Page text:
Costa Rica’s Central Pacific Coast is rightly famous for its waves and we’re excited that the International Surfing Association (ISA) World Surfing Games are returning August 6 – 14, 2016, after a seven-year break.
In 2009, neighboring beach Playa Hermosa’s renowned breaks hosted the ISA World Surfing Games sponsored by Billabong, and now it’s Jacó’s turn to do the same.
Making things even more exciting, the 2016 games represent a chance for Team Costa Rica to win back-to-back championships on their home surf. The home team took the championship title at Playa Popoyo in Nicaragua in June, 2015.
Last year in Nicaragua Noe Mar McGonagle rode a near-perfect 9.93 wave, and another one in the eight-point range to seal his hold the gold medal. His sister, Leilani McGonagle, took the silver in the women’s division.
Of the win, McGonagle said, “I didn’t do it for myself; I did it for Costa Rica. We come to these ISA events to do the best for our country, and I knew a win in my heat would give us the points we needed for the team Gold. Costa Rica is a small country, but we have a big heart and the most supportive people. I dedicate this to them.”
Last year, the winning surfers took medals home to all parts of the world:
2015 ISA World Surfing Games | Medals
Gold Medal – Noe Mar McGonagle (CR)
Silver Medal – Nic Von Rupp (POR)
Bronze Medal – Shane Holmes (AUS)
Copper Medal – Leandro Usuna (ARG)
Gold Medal – Tia Blanco (USA)
Silver Medal – Leilani McGonagle (CR)
Bronze Medal – Ella Williams (NZL)
Copper Medal – Chelsea Tuach (BAR)
The games are an Olympic-style team competition, four men and two women for each national team, where surfers from some 30 countries compete for individual medals and the World Team Championship Trophy.
The event, organized by the International Surfing Association (ISA) returns to Costa Rica seven years after being held in Playa Hermosa, right next door to Jaco.
The ISA World Surfing Games might get underway with the sport confirmed in the Tokyo 2020 Olympics. “With Team Costa Rica defending their title in their home waves and the pending Olympic announcement, this event has all the elements to be a monumental milestone for surfing,” notes Aguerre, president of the ISA.
Each year about 20 percent of Costa Rica’s visitors, around 400,000 people, come to surf and Jacó is an ideal jumping off spot for breaks up and down the coast. Jacó has plenty of retail and surf shops, as well as a healthy nightlife. Lodging choices range from dirt-cheap cabinas to the far more luxurious and comfortable Los Sueños Resort and Marina, which is just next door.
“We envision a record-breaking world championship like in 2009, but above all we envision an extraordinary opportunity for tourism by showcasing the waves, athletes and people of Costa Rica,” adds Randall Cháves, president of the Costa Rican Surfing Federation.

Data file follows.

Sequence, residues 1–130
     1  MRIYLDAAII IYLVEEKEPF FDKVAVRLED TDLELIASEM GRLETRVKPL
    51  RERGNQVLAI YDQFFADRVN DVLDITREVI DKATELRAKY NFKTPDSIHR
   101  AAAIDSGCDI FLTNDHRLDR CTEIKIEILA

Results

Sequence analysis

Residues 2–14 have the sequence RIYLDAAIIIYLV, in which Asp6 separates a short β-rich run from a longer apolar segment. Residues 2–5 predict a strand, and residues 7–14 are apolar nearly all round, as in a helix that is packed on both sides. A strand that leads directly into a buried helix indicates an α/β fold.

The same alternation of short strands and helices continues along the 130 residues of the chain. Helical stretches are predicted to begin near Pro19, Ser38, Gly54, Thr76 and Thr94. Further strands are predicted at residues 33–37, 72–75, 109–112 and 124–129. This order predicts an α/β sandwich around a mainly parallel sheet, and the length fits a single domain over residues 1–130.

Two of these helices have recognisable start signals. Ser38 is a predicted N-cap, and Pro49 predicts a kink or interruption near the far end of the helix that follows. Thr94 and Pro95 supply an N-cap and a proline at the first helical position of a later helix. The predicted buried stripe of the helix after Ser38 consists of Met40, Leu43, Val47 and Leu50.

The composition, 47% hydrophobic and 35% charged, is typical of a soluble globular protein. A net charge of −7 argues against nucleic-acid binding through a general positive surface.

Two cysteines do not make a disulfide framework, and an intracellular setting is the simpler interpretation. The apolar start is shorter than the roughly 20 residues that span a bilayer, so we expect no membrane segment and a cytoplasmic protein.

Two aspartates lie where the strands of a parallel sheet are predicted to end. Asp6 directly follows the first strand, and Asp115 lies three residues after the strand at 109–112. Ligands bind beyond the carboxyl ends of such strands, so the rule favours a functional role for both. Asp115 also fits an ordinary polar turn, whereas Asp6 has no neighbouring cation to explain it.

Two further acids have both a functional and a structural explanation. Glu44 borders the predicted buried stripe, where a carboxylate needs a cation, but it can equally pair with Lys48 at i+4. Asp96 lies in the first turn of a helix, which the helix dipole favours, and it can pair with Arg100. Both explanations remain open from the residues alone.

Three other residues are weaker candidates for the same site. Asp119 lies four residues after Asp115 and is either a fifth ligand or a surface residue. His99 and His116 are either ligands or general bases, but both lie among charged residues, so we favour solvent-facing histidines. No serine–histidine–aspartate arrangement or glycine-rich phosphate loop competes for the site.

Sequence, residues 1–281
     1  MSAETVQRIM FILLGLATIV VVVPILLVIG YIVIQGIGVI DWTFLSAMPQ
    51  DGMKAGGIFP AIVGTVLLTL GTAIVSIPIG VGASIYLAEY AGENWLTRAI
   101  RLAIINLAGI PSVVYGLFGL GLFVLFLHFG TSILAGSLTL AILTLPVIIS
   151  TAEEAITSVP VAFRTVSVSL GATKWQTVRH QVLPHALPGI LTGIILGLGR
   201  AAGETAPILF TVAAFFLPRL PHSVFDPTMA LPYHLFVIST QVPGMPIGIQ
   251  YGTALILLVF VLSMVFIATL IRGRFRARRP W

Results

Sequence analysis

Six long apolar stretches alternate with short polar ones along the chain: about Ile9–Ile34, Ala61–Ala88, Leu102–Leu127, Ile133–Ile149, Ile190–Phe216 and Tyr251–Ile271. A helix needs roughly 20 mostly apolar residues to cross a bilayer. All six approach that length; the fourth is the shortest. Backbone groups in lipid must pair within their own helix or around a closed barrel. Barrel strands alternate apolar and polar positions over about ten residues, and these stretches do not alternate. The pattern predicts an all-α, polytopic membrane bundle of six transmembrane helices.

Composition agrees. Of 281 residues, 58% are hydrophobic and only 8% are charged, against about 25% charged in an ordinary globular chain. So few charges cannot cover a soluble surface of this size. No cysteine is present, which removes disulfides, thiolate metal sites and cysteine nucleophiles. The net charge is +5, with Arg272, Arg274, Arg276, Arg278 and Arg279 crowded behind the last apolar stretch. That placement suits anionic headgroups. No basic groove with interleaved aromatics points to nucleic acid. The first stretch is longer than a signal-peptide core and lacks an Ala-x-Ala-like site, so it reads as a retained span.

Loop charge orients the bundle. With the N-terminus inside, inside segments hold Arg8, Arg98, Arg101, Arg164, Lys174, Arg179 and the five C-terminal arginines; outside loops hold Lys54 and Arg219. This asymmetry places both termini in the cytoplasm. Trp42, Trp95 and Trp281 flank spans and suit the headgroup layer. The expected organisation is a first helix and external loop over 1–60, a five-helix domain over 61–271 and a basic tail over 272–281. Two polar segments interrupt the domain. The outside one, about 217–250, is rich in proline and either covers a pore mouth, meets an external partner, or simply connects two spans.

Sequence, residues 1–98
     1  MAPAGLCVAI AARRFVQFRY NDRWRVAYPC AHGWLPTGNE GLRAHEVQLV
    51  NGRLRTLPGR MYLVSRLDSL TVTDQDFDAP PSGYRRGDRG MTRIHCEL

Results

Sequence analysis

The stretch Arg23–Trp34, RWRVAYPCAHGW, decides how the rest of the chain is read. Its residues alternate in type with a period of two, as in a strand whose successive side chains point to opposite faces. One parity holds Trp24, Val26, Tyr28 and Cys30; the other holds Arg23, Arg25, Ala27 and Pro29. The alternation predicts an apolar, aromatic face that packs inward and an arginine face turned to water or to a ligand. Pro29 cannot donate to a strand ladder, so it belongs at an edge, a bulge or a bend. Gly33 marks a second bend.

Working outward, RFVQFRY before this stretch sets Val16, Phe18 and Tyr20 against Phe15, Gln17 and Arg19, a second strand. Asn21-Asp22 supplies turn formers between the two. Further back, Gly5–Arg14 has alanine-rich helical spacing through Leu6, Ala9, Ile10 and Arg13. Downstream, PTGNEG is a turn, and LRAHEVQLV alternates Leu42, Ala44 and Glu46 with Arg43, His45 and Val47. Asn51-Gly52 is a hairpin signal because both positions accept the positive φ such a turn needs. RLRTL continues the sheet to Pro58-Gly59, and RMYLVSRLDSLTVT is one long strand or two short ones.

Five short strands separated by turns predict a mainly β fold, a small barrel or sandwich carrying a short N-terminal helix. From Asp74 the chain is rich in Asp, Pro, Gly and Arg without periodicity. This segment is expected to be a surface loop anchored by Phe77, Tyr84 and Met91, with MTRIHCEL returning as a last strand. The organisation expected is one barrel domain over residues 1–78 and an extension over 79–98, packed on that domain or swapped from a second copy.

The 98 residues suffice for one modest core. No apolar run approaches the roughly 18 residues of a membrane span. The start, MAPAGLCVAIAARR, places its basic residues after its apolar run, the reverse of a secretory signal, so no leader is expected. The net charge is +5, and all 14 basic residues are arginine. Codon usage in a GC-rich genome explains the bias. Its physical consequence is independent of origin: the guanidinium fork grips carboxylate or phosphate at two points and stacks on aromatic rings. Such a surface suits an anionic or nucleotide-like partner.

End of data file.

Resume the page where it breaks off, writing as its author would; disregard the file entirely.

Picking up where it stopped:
Most beaches and surf breaks in the area are easily accessible. Boca Barranca is a left break in front at a river mouth, longboarders can ride its waves more than half a mile when the conditions are right, arrive early to avoid crowds.
Playa Escondida, an excellent point break just beyond Los Sueños Resort & Marina, has plenty to offer for rights and lefts, and the waves are best at high tide. Beach club members of Faro Escondido can access the break from the beach; visitors can rent a boat from Playa Jacó or Playa Herradura, and make their way around the cove to the break from the water.
Playa Hermosa extends into the ocean and stretches for miles, making it easy to claim your spot on the constant swell. El Almendro, at Playa Hermosa, tends to have the best breaks, look for the sand bar opposite a huge beach almond or ask a local. Visitors to Costa Rica should keep in mind that there are two Play Hermosas: the one in Guanacaste is not a surf beach. The other, that which visitors will want to access during this year’s ISA World Surfing Games, is about 3 miles south of Jacó, 12 minute down the road from Los Sueños Resort, and one of the best surf spots in Costa Rica.
Jacó is one of Costa Rica’s hottest surfing spots. Board shops are all over town, making it easy to rent a board, hire someone to show you where the best breaks are, teach you how to surf, or give you some pointers. Playa Jacó has smaller breaks for beginners or if you haven’t hit the waves in a while. For sure, the surf’s up at nearly every beach in the area, so just paddle out and catch a wave.